It’s late, but Piotr Huang is still training. The world tour is one month away and he doesn’t have all the details perfected yet in his mind. He runs, leaps, and drifts in the air. As his body twirls, defying gravity, his legs glide into a split.
Huang is an acclaimed classical Chinese dancer from Warsaw, Poland.
He is currently a principal dancer at Shen Yun Performing Arts, a New York-based classical Chinese dance company that tours the globe. Huang was preparing for a five-month tour that began on Dec. 22.
The group travels across five continents, performing at venues such as Lincoln Center in New York, the Opera Palace in the New National Theatre in Tokyo, and the Palais des Congrès de Paris.
Shen Yun’s mission is to revive and celebrate 5,000 years of Chinese civilization, a mission that is particularly poignant for Huang.
He had a predilection for ancient Chinese legends, literature, and spirituality. But growing up in Poland, he had always felt disconnected from his culture.
Huang knew he would not be able to find those things in China, where a considerable part of traditional culture was destroyed during the Cultural Revolution and is no longer celebrated today in its authentic form.
Instead, he went to New York.
Reclaiming a Lost Culture
Huang pursued advanced studies in classical Chinese dance at Fei Tian Academy of the Arts in New York and showed an exceptional aptitude for dance.
He won first place in the adult male division of New Tang Dynasty Television’s 2014 International Classical Chinese Dance Competition.
Since joining Shen Yun, Huang has performed lead roles as fictional and historical figures such as a revered emperor in Chinese history and the Monkey King, a character from the classical Chinese novel “Journey to the West.”
“It gives me meaning in life, to be able to promote traditional Chinese culture,” Huang said.
His lead role as Monkey King required him to perform complicated jumps, leaps, spins, and flips—such as a series of consecutive split jumps and aerials that smoothly merged into midair splits.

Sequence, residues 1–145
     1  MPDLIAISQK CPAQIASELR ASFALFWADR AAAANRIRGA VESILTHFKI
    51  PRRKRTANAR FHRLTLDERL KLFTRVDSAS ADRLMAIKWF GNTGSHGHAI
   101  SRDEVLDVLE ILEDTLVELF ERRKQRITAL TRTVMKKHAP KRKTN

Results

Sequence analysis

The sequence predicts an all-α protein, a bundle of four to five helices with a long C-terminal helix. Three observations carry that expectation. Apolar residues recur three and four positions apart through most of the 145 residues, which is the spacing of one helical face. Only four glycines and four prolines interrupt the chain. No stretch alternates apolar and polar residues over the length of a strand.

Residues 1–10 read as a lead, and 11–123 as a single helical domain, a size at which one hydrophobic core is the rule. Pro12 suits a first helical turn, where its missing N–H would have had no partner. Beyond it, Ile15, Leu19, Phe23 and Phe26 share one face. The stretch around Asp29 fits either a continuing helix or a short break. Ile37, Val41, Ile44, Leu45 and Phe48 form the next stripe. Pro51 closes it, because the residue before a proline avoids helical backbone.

The tumbling techniques of classical Chinese dance share similarities with martial arts.
Such techniques have been used in China for thousands of years and have influenced present day acrobatics and gymnastics.
Through thrilling flips, jumps, and the grace of dance, Shen Yun performers portray ancient Chinese folklore and ethnic groups. Shen Yun also has story-based dances that depict mini-history lessons and scenes from classical Chinese literature.
The show is a comprehensive yet fun way to absorb a cultural education. Each dance is accompanied by a live orchestra that includes Eastern and Western instruments.
There is also an interactive digital backdrop that transports the audience to snow-laden Tibetan peaks and golden Tang Dynasty pavilions.
Huang said he was also interested in how Chinese culture is deeply rooted in Buddhism and Taoism.
Huang practices Falun Gong, a spiritual meditation practice based on truthfulness, compassion, and tolerance, and said it is the reason why he stands out as a dancer.
“It has greatly changed my heart and cleared my mind,” he said. “For an artist, the state of mind and heart is directly related to the art one creates.”
During the 2016 season, Shen Yun will make stops in over 100 cities worldwide. For more information, visit Shen Yun Performing Arts.